28 December 1961, Dallas (TX) Morning News, “Two Versions of Traditional Dish, Chicken and Dumplings,” section 5, pg. 6:
The great American tradition—chicken and dumplings—is actually two separate traditions, each more or less geographically determined.
For instance, a chicken dumpling north of the Mason-Dixon line means something quite different from a chicken dumpling in the South. No one knows the reason—or which of the two, would be declared the true dumpling. But there is one fact about which there can be no argument, each complements savory cooked chicken in a wonderful way all its own.
In the South, chicken dumplings are sometimes called slickers. Flat, smooth and ribbony, they are egg dumplings that cook in the chicken broth. (Interestingly, this type is popular in northern New England, too.) The yankee-type, or northern dumplings, are a complete departure from slickers. Round, puffy and light, they cook on top of the chicken pieces, not in the broth.
Nowadays, both kinds are easy to prepare with convenience foods like instant nonfat dry milk. You’ll find the slickers extra flavorful as well as nutritious, enriched with milk nourishment not commonly present in this type of dumpling. They are dropped right into the chicken broth so that the rich, meat flavor cooks all through.
Northern-style dumplings are magnificent prepared with chicken that’s first been cooked with carrots, celery and parsley. These puffy dumplings are light as thistledown and so tender. The absorb the good meat and vegetable flavors while they steam on top of the chicken pieces.
5 March 1969, Salisbury (MD) Daily Times, pg. 2, col. 7:
Chicken and Slick Dumplings...$1.69
A Real Eastern Shore Favorite
(Buddy Boy Farms Restaurant—ed.)
Mexico and the Old Southwest:
People, Palaver, Places
By Haldeen Braddy
Published by Kennikat Press
Food is chuck, biscuits are sinkers, chicken dumplings are slickers; deer meat killed out of season is, euphemistically, goat meat.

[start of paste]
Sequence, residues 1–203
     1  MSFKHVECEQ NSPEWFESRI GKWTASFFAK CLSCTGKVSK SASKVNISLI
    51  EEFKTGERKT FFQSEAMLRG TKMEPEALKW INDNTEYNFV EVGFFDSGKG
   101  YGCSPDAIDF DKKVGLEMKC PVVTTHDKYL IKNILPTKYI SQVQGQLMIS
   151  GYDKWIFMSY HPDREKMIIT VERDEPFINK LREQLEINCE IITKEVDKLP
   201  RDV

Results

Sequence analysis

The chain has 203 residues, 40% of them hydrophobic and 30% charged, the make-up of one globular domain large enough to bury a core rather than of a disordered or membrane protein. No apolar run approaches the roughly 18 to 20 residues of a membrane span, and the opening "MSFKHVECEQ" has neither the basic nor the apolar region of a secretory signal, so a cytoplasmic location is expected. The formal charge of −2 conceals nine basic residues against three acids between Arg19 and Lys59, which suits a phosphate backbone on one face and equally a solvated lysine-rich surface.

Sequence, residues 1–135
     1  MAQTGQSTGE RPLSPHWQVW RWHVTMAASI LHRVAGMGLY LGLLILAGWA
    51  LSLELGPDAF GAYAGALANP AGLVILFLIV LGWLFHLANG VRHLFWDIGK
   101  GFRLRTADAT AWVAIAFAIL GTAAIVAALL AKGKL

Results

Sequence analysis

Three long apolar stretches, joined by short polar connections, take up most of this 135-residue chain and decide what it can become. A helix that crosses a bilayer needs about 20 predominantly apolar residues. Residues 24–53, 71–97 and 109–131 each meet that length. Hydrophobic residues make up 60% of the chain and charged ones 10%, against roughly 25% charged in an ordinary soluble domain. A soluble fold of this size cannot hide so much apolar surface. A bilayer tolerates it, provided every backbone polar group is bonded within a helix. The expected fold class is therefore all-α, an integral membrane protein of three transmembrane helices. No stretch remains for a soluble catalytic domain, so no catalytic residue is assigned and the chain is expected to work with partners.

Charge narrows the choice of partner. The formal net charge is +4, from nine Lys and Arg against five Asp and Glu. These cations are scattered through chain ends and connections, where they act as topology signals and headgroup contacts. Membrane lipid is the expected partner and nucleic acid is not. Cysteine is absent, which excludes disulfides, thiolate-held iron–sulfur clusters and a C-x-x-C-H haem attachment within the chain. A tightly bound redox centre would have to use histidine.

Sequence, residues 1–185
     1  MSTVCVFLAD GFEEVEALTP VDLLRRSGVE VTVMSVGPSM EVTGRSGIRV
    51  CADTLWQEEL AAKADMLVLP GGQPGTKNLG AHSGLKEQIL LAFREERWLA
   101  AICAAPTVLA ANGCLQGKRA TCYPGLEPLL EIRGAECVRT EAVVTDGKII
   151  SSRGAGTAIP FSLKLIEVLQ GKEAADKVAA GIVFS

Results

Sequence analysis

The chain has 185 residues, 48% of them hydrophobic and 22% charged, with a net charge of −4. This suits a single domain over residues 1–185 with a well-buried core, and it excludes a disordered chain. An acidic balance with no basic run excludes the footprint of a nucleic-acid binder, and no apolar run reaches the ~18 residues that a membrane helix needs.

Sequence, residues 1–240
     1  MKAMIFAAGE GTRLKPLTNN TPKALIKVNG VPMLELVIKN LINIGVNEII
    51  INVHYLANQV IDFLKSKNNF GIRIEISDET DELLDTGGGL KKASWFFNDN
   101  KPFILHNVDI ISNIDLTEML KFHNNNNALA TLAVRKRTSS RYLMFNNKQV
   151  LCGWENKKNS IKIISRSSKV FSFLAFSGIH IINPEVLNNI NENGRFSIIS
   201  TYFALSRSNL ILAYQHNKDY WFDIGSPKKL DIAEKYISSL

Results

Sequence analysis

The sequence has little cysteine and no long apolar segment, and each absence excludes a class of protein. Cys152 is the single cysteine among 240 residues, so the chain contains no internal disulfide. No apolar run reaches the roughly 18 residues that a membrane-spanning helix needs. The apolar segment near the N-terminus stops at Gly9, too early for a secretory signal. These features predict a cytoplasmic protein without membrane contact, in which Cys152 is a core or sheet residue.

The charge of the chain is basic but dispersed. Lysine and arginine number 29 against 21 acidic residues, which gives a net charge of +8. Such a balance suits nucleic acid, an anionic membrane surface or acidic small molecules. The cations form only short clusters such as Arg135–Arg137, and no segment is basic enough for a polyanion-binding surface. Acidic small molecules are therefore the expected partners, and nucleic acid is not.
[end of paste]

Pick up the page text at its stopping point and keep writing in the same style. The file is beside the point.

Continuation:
13 January 1971, The Robesonian (Lumberton, NC), pg. 5 col. 1:
My thoughts turned to old-fashioned “Chicken slick” or pastry which would be enticing these cold winter days. The search for a written recipe has failed to provide accurate information to pass along to you. It has been interesting to talk with different people for suggestions but apparently most folks make pastry by instinct. One of the men specialists takes self-rising flour in a quantity to make desired amount of pastry, adds a small amount of cooking oil and enough water to make a soft dough. He rolls the dough very thin and cuts into strips. He adds the pastry to a stewed chicken and the broiling broth. (Chicken may be hen or large broiler-fryer. Cut into serving size pieces, if desired, before cooking in a generous amount of salted water until tender.) Cover pan and cook pastry approximately 15 minutes.
28 March 1971, High Point (NC) Enterprise,, pg. 11B, cols. 1-3:
Response to our recent article on Chicken Slick, Pastry, or Dumplings, as you choose to call it, has been interesting and varied. Comments and recipes have come from across the State and as far west as Seattle, Washington. Many answers have come from the older age group.
As yet no solution has been reached as to where the term “Chicken Slick” originated. One reader thought the term began in Louisburg, N. C. Another person indicated that “slick” was used for a dumpling with no baking powder. One friend opined “That that’s a city dish—like a city slicker.” Regardless of the origins of the name, chicken pastry (or dumplings) needs to be rich and “slick” to be good.
Recipes varied greatly with some requiring self-rising flour, others plain flour and baking powder, and some with plain flour or corn meal. In most cases shortening was added to the flour. Liquid was chicken stock, milk, water, or very hot water. Occasionally eggs were added in making dumplings.
Though no two readers gave identical recipes, there was an agreement that a nice fat hen made the best chicken dumplings, but a large broiler could be used. Apparently this is a favorite food for many families. It is a wise choice, for North Carolina has an abundant supply of excellent poultry. It would be hard to feed the family a better or more reasonably priced main dish than “Chicken Slick.” One suggested recipe follows.